EOSC 114 · The Catastrophic Earth: Natural Disasters

Introduction to causes and physical characteristics of disasters such as volcanic eruptions, earthquakes, tsunamis, hurricanes, storm surge, thunderstorms, tornadoes, landslides, wind waves, meteor impacts, mass extinctions. [3-0-0]
Corequisite: EOSC 111 is recommended.

Course Availability & Schedule

 Distance education offered

 Non-specialist course

Learning Goals

A. For earthquakes, volcanoes, landslides, storms, waves, and meteor impacts, you will:

  1. Learn how they work.
  2. Locate the dangerous places where they've often occurred.
  3. Learn ways to observe and monitor them.
  4. Find out why it's hard to forecast them.
  5. Learn what you and your community can do to prepare for them.

B. We will strive to:

  1. Empower you to be a survivor.
  2. Enable you to approach new challenges insightfully.
  3. Sharpen your observations of nature.
  4. Stimulate your excitement in our planet.

See also learning goals for non-specialist courses.


On-campus Lecture Sections

  • Fall term: sections 101, 102 - Instructors: Gilley, Porritt, Stull, Ver, Maldonado, Weis
  • Spring term: sections 201, 202 - Instructors: Porritt, Stull, Bostock, Maldonado, Ver
  • Summer term: section 971 - Instructors: TBA

Distance Education Sections

  • Fall term: sections 99A, 99B - Instructor: Ver
  • Spring term: sections 99C, 99D - Instructor: Ver
  • Summer term: section 98A - Instructor: Ver

If the lecture section you want is full, consider registering for the Distance Education section (99A/B in Fall, or 99C/D in Spring) instead. It's the same course covering the same content for the same credits, but you do it online from home. Over 90% of the Distance Ed students are regular on-campus UBC students.

The Earth Course Assistance Centre is a help service for all students in 1st year EOSC courses.

EOSC114 was part of EOS-SEI, the EOS Science Education Initiative during 2007-2009.

Optional Textbook

  • Abbott and Samson. 2012. "Natural Disasters". Custom Edition for UBC. McGraw-Hill Custom Publishing. ISBN on package: 978-125925870X; ISBN on textbook: 978-125903339-1.
  • A student personal response system ("i-clicker" brand) is also required. This is the clicker that has been adopted UBC-wide (required for on-campus lecture sections only). The clicker can be purchased at the University Bookstore or at Discount Textbooks. We will not be using the iClicker-GO system for smartphones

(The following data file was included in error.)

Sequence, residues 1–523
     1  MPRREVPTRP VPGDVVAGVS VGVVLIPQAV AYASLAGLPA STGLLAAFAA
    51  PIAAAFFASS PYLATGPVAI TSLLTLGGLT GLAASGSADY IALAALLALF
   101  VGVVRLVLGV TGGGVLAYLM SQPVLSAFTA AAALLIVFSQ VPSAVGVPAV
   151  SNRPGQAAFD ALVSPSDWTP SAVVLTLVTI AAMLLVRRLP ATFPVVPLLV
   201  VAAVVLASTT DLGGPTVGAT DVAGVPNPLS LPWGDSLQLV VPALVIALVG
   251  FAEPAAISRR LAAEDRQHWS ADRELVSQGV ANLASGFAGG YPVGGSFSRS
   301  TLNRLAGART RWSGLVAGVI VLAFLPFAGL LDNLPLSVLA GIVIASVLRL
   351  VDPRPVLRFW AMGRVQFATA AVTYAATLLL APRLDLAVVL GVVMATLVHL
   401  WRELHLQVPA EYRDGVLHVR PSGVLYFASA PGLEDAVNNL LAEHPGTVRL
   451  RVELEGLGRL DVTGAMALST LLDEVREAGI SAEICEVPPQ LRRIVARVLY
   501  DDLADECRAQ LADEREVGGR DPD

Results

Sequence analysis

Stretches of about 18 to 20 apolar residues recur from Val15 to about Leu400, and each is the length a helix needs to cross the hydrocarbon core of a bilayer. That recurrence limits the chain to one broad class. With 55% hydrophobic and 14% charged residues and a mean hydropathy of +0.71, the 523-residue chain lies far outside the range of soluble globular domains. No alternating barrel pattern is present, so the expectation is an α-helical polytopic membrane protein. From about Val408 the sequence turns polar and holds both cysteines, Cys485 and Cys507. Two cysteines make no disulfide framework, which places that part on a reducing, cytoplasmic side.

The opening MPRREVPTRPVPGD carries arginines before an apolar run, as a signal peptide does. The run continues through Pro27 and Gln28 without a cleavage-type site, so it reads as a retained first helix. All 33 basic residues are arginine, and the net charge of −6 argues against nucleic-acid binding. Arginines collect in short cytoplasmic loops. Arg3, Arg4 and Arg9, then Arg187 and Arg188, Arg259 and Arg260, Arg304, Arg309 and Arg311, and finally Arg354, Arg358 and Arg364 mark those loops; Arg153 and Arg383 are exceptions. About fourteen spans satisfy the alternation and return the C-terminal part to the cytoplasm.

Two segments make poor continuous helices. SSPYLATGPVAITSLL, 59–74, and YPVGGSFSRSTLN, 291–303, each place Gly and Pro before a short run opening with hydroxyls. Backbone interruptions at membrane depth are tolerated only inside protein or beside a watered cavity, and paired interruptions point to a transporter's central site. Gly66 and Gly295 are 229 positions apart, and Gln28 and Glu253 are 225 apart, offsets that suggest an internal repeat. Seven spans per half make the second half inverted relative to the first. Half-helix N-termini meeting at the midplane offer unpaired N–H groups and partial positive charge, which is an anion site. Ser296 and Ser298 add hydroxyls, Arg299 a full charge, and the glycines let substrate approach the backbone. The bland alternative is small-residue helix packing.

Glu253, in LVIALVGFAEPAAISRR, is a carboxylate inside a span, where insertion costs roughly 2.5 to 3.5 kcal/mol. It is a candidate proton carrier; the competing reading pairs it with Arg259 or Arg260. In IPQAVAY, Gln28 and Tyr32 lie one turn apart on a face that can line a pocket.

• The textbook is less expensive if you buy it at Discount Textbooks, located on University Blvd 2 blocks off campus above the Staples in the University Village shopping mall. We have placed our full order for these textbooks at the Discount Textbook store.  Discount Textbooks contact info:  #217-2150 Western Parkway, Vancouver, BC  V6T 1K6 Canada.  email:    Phone: 604-221-1822, fax: 604-221-1822

Course Content

On-campus Lecture Sections: See the course web page for all course content info

Distance Education Sections: See a List of Lessons and one Sample Lesson (accessible by everyone); Course website accessible only by Currently Registered UBC Students (CWL login required.)

Lecture Topics

Week Topic
1-2 Fragile System?: The earth, ocean, atmosphere system. Natural disasters are rare events. Energy available for change. Risk analysis. Population issues.
2-3 The Shaking Earth (Earthquakes): Plate tectonics, faults, earthquakes, volcanoes, eruptions, lava, ash, pyroclastic flows. Relationship of disasters to the broader fields of seismology, geology, geophysics.
4-5 The Explosive Earth (Volcanoes): Eruptions, lava, ash, pyroclastic flows. Relationship of these Earth disasters to the broader fields of volcanology and geology.
6-7 The Unstable Ground (Landslides): Debris flows, mud flows, erosion, floods. Relationship to hydrology, geological engineering.
8-9 The Turbulent Atmosphere (Storms): Hurricanes, thunderstorms, tornadoes, lightning. Relationship to meteorology.
10-11 The Violent Ocean (Waves): Tsunami, storm surge, wind waves, rogue waves. Relationship to oceanography.
12-13 Impacts from Space & Mass Extinction Events: (Meteor impacts): Mass extinctions. Relationship to paleontology.
13 Review: Physical processes common to geophysical disasters.


Although we don't require that you take a lab, your own program might require that you take a "lab-based" science course. If you need such a lab-based course, you may register for both the 3-credit EOSC 114 (the regular on-campus lecture course or the distance ed sections) and the 1-credit laboratory course EOSC 111 concurrently. Even if your own program doesn't require that your science course be lab-based, many students find that taking the lab helps them to understand the lecture material better.